Jim Thorpe is widely considered one of the most outstanding athletes of all time. From 1913 to 1919, Thorpe played pro baseball, then shifted his focus to pro football for the next 13 years. The American athlete also tried his hand at professional basketball for at least two years.
Oh, we forgot to mention that Thorpe also won 2 Olympic gold medals in the decathlon and pentathlon at the 1912 Stockholm Olympics. Pentathlon and decathlon are considered among the most challenging events in track and field, and Thorpe won eight of the 15 individual events in the two events - enough for any athlete to be considered an all-time great. But he wanted more, and he went on display his array of abilities in different disciplines.
2. Bo Jackson
Bo Jackson was an incredible athlete. He still holds the record for being the only professional athlete in sports history to be named an All-Star in both baseball and football. Not bad, right? In baseball, he smashed towering home runs throughout his career, while as a footballer, he was a bruiser with fantastic speed. If a hip injury hadn’t cut his career short, Bo would have created many more records.
Watch some brilliant athletic feats of Bo Jackson here:
3. Deion Sanders
Deion Sanders sparkled at track and field, baseball, and football in both high school and college. After a fantastic college career, Sanders was drafted by the Atlanta Falcons (a professional American football team). But his baseball talents didn’t go unnoticed, and he was soon picked up by the New York Yankees. In September 1989, Sanders scored a home run for the Yankees. A few days later, he scored a touchdown for the Atlanta Falcons, becoming the first person in history to hit a home run and score a touchdown in the same week.
Sanders did well in baseball, but it was in football where he truly shined. Nicknamed Primetime, he is considered to be the greatest defensive back to ever play the game.
4. Clara Hughes
Clara Hughes is a Canadian cyclist and speed skater who is the only athlete in history to win multiple medals at both the Summer and Winter Olympic Games - two medals in cycling and four medals in speed skating.
Hughes competed at the 1996 Olympic Games in Atlanta as a cyclist and clinched bronze in both the road race and the time trial. But her first love was speed skating, and she went back to it in 2000, though she didn’t give up cycling. At the 2002 Olympics in Salt Lake City, Hughes won a bronze medal in the 5000 m in long track speed skating. She added three more speed skating medals at the subsequent Winter Olympics.
Related: Meet the Most Iconic Winter Olympians of All Time
5. Babe Didrikson Zaharias
To say that Babe Didrikson Zaharias was a versatile sportsperson would be an understatement. Babe was one of the greatest female athletes of all time who excelled in golf, basketball, baseball, and track and field. She first made an impression as a 21-year-old in the 1932 Olympics, where she bagged the gold medal in the 80-meter hurdles, silver in the high jump, and another gold in the javelin throw.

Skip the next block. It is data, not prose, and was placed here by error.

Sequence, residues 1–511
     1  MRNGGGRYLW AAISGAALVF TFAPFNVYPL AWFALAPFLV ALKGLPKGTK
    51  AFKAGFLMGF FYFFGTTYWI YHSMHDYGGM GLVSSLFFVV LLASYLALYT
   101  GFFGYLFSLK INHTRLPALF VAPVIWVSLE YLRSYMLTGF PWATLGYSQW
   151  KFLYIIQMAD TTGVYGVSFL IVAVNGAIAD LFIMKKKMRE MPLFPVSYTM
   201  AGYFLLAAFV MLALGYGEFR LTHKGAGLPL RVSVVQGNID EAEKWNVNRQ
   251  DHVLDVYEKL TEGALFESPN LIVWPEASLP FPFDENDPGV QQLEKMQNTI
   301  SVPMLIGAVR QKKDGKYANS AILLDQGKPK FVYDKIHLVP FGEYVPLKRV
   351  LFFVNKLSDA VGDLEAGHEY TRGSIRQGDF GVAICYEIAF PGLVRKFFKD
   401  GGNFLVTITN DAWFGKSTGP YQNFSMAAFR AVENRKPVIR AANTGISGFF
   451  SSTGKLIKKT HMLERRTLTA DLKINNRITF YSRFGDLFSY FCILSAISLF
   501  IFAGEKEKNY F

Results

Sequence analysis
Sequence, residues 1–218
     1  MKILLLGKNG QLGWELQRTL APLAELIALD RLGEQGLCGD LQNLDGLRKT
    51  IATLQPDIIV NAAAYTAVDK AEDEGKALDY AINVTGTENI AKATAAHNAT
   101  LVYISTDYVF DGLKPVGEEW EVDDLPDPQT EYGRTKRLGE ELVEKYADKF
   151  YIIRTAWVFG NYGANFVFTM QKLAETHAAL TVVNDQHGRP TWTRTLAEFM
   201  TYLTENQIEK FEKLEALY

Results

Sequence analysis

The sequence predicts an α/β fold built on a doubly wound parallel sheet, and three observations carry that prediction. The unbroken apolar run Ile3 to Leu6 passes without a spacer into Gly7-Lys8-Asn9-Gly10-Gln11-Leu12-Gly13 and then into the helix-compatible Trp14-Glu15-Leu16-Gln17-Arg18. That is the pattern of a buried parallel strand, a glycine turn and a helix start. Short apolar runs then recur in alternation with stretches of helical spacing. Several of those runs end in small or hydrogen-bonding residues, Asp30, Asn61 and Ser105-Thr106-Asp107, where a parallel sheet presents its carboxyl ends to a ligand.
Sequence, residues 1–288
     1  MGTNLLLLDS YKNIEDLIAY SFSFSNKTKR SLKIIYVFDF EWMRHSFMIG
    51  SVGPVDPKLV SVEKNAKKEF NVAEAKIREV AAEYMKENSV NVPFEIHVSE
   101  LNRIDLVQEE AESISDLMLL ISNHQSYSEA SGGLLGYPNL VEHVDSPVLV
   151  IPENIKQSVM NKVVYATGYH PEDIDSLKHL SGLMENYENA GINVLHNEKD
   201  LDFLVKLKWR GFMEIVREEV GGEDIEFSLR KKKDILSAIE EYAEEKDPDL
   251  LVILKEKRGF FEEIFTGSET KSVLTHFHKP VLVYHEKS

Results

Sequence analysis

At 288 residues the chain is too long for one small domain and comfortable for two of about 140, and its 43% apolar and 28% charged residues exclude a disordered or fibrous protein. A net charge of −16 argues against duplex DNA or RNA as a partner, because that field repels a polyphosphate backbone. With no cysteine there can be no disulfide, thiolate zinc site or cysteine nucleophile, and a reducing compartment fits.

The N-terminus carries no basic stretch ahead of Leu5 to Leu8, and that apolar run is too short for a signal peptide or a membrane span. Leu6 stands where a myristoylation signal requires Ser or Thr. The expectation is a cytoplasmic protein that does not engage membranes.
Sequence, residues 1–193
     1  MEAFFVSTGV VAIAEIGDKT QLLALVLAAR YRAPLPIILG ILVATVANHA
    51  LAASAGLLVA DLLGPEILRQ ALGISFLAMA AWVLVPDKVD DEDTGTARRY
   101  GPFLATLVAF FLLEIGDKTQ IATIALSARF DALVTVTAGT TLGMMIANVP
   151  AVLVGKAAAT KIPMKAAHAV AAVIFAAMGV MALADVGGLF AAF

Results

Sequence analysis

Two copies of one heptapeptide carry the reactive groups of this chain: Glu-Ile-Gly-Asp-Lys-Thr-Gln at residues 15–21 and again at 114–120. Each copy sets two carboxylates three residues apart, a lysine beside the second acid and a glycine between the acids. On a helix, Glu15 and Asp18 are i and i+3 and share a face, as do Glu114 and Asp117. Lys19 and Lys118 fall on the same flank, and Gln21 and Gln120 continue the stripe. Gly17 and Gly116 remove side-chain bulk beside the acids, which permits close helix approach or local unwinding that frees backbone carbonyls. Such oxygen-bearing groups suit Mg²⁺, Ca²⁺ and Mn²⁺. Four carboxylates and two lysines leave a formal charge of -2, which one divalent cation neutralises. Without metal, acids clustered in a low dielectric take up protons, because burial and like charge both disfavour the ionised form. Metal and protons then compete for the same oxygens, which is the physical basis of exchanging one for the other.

Babe also played for the women’s All-America team in basketball in the 1930s and later became a member of the World Golf Hall of Fame. She won the U.S. Open in 1948, 1950, and 1954, and could have won a lot more if she hadn't passed away of colon cancer at age 45.
6. Charlotte "Lottie" Dod
England’s Charlotte “Lottie” Dod was a woman of many talents. While she is best known as a tennis player, Dod competed in many other sports, including archery, golf, and field hockey.
Dod won Wimbledon in 1887 at just 15 years and 285 days, becoming the youngest women’s singles champion in Wimbledon - a Guinness record she still holds. A few years later, she turned her attention to golf and soon made an impact by winning first prize in the 1904 British Ladies Amateur Championship. She also played twice for the England women's national field hockey team and won a silver medal in archery at the 1908 Olympics in London. Apart from these, Dod was also a gifted skater and curler.
7. Bob Hayes
"Bullet" Bob Hayes is the only man with an Olympic gold medal and a Super Bowl ring. Hayes first made waves in the 1964 Summer Olympics, where he competed in both the 100-meter and 4×100-meter relay. He set world records in the 60-yard, 100-yard, 220-yard, and 100-meter dashes and became known as one of the fastest men on the planet.
But Hayes wasn’t done yet. He was also good at football and was picked up by the Dallas Cowboys for the National Football League (NFL). He was almost impossible to contain on the football field and went on to score 71 touchdowns in the NFL, a feat that earned him a spot in the league’s Hall of Fame.
8. Erin Phillips
Australia’s Erin Phillips made a name for herself as a Women's National Basketball Association (WNBA) champion, winning the finals in 2012 and 2014. She quit the league in 2017 and decided to try her hand at her childhood passion - Australian rules football, a contact sport similar to rugby. That same year, she joined the Australian Football League Women’s (AFLW) and is all set to play her seventh season there in 2023.
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